“From Alaska’s Brooks Range to Florida’s Everglades, mining proposals near national parks continue to threaten drinking water, clean air, fragile wildlife habitat and surrounding communities.” – Charlie Olsen, Climate Policy Manager for the National Parks Conservation Association
Washington, D.C.— Today, the Biden administration’s Interagency Working Group released recommendations for updating hardrock mining laws and regulations. Tribes and conservation groups have welcomed this first step and are urging the administration to make additional improvements to protect communities, sacred places and water resources.
“As our country strives to solve the climate crisis, the administration’s recommendations for modernizing and reforming our nation’s antiquated hardrock mining laws is a necessary and critical step,” said Charlie Olsen, Climate Policy Manager for the National Parks Conservation Association (NPCA). “From Alaska’s Brooks Range to Florida’s Everglades, mining proposals near national parks continue to threaten drinking water, clean air, fragile wildlife habitat and surrounding communities.”
“The Biden administration’s recommendations provide a path to transition our country towards clean energy in a way that prioritizes healthy communities and ensures that our most special places aren’t sacrificed in the process,” Charlie Olsen continued. “Now, Congress must meet this plan with action and move our country towards a safe, equitable and responsible energy development future.”
Current hardrock mining practices continue to inflict considerable harm on public lands, including polluting surface and groundwater, depleting springs and aquifers, contaminating land and air, harming fisheries, displacing wildlife and destroying sacred sites.
The existing law governing mining operations on federal lands has remained virtually unchanged since it was passed in 1872. The Interagency Working Group’s recommendations call for Congress to update the 1872 mining law, modernizing it to address current realities and establish a leasing system for hardrock minerals. The report also offers recommendations for addressing historic disparities in hardrock mining practices.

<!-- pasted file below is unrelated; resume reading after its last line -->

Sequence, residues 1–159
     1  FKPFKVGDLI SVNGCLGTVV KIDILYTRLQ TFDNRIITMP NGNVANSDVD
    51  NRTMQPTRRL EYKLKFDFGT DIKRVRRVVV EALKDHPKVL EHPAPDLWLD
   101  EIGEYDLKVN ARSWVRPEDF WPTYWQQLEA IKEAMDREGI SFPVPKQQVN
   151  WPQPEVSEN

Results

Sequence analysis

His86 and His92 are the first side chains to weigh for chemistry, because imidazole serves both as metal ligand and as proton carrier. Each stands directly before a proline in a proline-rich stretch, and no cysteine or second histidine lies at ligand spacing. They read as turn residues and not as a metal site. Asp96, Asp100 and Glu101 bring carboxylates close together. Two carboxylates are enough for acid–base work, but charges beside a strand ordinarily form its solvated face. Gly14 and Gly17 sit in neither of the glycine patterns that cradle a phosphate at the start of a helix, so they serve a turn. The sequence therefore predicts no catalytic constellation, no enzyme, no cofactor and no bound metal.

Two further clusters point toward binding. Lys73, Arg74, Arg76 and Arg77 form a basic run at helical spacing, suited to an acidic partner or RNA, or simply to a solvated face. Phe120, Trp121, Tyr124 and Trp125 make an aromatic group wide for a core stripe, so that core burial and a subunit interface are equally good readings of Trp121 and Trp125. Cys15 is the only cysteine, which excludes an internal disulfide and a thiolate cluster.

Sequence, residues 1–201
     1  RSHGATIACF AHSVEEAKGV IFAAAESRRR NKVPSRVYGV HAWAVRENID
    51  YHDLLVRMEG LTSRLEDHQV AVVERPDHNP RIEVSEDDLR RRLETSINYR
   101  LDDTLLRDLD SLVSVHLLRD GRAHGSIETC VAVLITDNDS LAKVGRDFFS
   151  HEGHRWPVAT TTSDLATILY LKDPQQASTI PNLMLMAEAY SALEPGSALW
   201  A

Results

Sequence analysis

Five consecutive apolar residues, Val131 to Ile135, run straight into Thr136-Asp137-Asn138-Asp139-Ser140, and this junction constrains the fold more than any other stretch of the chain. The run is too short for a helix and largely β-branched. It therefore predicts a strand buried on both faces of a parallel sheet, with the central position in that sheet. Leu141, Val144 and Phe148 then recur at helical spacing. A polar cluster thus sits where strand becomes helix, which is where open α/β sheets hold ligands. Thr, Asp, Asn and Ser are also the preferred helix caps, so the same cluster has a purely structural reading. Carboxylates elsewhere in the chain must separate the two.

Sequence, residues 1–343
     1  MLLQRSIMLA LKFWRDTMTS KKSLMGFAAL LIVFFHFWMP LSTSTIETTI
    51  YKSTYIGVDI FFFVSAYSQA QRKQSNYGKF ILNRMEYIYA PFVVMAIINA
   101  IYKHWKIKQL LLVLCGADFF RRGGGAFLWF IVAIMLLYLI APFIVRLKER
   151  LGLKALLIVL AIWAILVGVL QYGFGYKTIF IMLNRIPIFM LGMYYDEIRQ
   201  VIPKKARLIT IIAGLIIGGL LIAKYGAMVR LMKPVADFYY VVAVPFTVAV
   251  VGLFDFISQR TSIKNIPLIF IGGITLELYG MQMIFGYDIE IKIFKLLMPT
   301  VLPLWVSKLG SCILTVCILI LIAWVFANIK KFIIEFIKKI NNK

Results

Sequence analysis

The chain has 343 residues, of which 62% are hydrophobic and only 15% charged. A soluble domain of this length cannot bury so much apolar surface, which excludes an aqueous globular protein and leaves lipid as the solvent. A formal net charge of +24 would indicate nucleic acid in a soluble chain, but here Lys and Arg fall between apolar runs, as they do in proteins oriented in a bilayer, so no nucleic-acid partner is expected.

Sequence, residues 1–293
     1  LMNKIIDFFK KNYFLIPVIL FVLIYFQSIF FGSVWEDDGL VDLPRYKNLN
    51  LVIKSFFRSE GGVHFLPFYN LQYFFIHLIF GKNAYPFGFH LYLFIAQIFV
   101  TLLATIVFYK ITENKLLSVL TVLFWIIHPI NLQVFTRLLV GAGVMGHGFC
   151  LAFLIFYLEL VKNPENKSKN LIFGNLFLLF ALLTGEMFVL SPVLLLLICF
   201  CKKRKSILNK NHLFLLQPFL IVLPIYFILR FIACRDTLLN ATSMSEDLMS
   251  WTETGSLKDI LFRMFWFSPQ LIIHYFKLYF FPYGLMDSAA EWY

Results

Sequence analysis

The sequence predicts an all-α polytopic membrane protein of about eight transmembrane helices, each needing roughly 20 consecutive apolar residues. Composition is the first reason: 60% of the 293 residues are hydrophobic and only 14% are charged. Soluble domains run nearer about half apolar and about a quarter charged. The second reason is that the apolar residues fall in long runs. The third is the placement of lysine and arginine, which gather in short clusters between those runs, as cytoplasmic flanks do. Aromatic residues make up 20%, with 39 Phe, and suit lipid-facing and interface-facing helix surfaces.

The recommendations in the report should serve as a basis to immediately begin the process of updating mining rules within the Bureau of Land Management (BLM) and Forest Service (USFS). Read the full coalition press release.
Of the many outlined in the report, NPCA is encouraged by the following recommendations, which underscore the Biden administration’s continued commitment to protecting our national parks and connected landscapes:
Establishing a royalty system and dedicated revenues generated from hardrock mining to the cleanup of legacy abandoned mine lands, which currently number approximately 38,000 hazardous features within park areas.
Modernizing the current claim system by creating limits on speculation, eliminating certain barriers to alternative uses of public lands.
Enhancing coordination among mining proponents and all relevant federal, Tribal, and state agencies, including the National Park Service. This includes meaningful, thorough and early consultation with Tribal Nations, coupled with the provision of adequate resources for effective collaboration.
Implementing programmatic assessment to identify lands unsuitable for mining activities due to low potential for mineral resources or identified resource development conflicts, such as cultural and sacred sites and resources. This process should involve appropriate consultation with Tribes and relevant agencies like the National Park Service and U.S. Fish and Wildlife Service.
About the National Parks Conservation Association: Since 1919, the nonpartisan National Parks Conservation Association has been the leading voice in safeguarding our national parks. NPCA and its more than 1.6 million members and supporters work together to protect and preserve our nation’s most iconic and inspirational places for future generations. For more information, visit www.npca.org.